To some degree, Hayden’s East Boston vote was boosted by the last-minute Boston Globe stories of two sexual abuse complaints filed against him 15 and 17 years ago. (Neither complaint went any further but scared off many supporters.) In a Democratic primary — since the beginning of the “#metoo” movement — such allegations sparked intense pushback, especially among progressive women, with most of the notable women officials pulling their support.

Hayden carried the main Precinct 1 (Jeffries Point) 138 to 89, his widest margin in any East Boston precinct – unusual recently for a candidate being challenged by a well-known progressive. To give you an idea of the emergent progressivism of the precinct, Governor Baker in 2018 only won there (where locals vote at Sam Adams School) by 520 to 511.

But back to my main point:

The very similar, some 1400 votes won by Hayden, Tompkins and Driscoll suggests a consensus view, by these voters, that they are satisfied with Hayden’s and Tompkins’s governance and that, by choosing Driscoll, they value the experience of her 17 years as a Mayor of Salem. In doing so, they sent a message that they prefer steady-as-you-go to the “change can’t wait” message which “progressives” have been messaging since 2018.

Of course, huge change remains a big force in East Boston, as one “luxury condo” project after another pushes $3500 to $4800 a month rents ever deeper into a community that for over 10 years has been an immigrant, working wage-earning destination. But no politician, “progressive” or steady-as-you-go, has any viable solution to the housing market. Thus, East Boston’s major street-level change (the housing affordability crisis) did not, this time, appear to affect the thinking of the decisive 1400 voters.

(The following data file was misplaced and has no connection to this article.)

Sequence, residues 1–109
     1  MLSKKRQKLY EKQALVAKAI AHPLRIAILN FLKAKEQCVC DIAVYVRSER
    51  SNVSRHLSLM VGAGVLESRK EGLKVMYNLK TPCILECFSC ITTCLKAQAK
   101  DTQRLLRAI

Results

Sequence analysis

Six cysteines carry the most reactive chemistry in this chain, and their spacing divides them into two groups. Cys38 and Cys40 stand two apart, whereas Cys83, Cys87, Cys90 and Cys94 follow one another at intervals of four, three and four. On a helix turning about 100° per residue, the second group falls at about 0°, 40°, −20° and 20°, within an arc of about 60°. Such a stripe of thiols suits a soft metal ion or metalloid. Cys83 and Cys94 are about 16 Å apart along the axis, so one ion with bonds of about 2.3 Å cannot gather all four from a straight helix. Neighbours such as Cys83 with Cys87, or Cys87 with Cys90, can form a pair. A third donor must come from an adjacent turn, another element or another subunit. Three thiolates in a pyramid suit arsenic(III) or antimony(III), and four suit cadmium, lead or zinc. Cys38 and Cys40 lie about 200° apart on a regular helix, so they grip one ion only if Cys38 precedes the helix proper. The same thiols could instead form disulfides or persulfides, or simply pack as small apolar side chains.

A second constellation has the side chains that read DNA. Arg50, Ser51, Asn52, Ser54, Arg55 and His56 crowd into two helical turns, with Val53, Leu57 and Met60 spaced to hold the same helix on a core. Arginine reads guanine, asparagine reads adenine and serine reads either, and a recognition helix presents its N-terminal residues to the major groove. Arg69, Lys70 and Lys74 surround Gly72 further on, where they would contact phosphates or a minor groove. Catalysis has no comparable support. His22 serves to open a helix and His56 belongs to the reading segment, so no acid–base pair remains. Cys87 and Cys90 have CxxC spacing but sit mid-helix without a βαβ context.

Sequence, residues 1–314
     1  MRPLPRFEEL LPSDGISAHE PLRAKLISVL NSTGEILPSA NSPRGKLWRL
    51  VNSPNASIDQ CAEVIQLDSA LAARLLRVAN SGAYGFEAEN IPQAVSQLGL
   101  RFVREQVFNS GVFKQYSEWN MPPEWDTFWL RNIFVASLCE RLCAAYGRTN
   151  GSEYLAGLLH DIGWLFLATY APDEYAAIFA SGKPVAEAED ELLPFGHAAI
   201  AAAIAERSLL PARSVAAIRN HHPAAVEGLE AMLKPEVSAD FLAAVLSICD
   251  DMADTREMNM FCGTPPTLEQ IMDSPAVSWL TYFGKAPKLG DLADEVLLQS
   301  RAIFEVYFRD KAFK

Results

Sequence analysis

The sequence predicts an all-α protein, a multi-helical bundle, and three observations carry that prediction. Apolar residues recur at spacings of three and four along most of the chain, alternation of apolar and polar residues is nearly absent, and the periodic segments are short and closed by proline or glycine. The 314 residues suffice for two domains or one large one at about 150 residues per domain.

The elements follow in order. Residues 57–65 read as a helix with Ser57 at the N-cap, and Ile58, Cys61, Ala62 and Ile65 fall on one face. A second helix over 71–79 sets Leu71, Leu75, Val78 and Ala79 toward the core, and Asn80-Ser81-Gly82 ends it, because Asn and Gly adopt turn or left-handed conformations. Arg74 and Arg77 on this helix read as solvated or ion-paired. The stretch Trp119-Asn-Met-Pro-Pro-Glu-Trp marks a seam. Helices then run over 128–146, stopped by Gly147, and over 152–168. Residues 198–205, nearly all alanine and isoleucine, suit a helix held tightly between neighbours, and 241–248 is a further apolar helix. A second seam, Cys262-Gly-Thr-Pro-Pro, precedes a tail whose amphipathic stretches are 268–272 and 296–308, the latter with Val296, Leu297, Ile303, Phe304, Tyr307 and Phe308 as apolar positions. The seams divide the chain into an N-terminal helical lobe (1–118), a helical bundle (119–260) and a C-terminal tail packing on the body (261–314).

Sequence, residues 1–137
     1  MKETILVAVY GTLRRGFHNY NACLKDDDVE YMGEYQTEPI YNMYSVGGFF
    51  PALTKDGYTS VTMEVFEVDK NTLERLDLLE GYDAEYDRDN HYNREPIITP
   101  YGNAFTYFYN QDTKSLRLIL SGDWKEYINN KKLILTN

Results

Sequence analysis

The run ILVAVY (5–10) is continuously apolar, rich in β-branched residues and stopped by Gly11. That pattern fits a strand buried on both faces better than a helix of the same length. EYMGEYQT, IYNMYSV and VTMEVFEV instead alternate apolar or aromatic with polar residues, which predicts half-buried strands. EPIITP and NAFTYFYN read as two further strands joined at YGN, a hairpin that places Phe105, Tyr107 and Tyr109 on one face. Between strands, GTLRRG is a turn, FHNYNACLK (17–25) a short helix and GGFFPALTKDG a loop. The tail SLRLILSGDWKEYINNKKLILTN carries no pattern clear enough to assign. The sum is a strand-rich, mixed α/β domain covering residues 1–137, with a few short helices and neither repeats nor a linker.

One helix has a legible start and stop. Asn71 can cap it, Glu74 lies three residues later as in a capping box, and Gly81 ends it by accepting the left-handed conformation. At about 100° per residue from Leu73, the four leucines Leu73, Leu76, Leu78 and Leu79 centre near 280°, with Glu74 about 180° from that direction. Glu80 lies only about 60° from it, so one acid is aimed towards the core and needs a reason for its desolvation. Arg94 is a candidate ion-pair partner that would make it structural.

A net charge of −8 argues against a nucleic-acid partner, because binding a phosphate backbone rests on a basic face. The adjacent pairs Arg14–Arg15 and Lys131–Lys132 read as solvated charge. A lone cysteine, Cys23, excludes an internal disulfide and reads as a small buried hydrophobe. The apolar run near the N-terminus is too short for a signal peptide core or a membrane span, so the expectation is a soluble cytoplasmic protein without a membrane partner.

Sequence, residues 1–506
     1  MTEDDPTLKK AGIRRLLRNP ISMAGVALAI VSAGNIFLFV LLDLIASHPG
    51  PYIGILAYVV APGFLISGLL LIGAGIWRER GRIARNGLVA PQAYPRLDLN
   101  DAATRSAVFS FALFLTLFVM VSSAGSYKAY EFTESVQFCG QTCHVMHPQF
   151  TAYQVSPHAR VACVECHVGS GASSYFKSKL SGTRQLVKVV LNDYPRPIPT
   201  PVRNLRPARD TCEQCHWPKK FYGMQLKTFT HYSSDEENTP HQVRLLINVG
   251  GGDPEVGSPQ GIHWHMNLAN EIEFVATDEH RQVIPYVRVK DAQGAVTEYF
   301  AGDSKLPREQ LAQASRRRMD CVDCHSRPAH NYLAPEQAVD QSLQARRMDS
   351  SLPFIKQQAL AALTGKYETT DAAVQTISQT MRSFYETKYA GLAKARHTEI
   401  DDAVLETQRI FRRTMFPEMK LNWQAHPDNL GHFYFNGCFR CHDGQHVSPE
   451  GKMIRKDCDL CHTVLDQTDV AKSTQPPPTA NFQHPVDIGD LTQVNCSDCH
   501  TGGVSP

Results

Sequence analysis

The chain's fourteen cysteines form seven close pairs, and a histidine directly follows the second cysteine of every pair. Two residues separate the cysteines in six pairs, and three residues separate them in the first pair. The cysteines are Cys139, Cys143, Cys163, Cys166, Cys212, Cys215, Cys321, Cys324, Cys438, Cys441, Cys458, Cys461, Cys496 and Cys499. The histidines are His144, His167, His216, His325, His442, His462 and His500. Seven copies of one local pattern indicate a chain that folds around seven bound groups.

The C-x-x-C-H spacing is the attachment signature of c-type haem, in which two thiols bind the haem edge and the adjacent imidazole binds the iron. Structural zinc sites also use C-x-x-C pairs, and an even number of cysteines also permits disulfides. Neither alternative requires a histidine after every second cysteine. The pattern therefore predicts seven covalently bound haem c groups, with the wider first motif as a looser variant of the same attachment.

Until recently, it looked as though the progressive movement – a business-funded, human resources sort of moral-high-ground crusade about what we now call “identity politics” – was unstoppable politically, not only in East Boston but city-wide.

Hayden working Eastie Pride in August 2022

On climate worries, justice concerns, social safety net expansion, and racial and gender hierarchies, candidates succeeded – or at least got moderate politicians to talk progressive – at the ballot box. Perhaps the high point of progressive messaging came in 2018, when Ayanna Pressley ousted East Boston’s long-time Congressman Mike Capuano and “restorative justice” advocate Rachael Rollins won the Suffolk County District Attorney office in a multi-candidate field.

It wasn’t the obvious call, then, to predict that social justice “Day of Reckoning” messaging had hit its acme. Yet today, given the election results locally in November 2018, all of 2020, the city election of 2021, and now this week’s primary, it’s evident that politically, the entire state, including the entire sity, is in a different place from four years ago.

As is Senator Edwards, whose very sharp political judgement about who she represents have guided her transformation from insurgent to wise king-maker.

— Mike Freedberg

September 8, 2022

Mike Freedberg is editor and publisher of the blog, Here and Sphere. He is also a political consultant. He regularly contributes original, participatory content to EastBoston.com.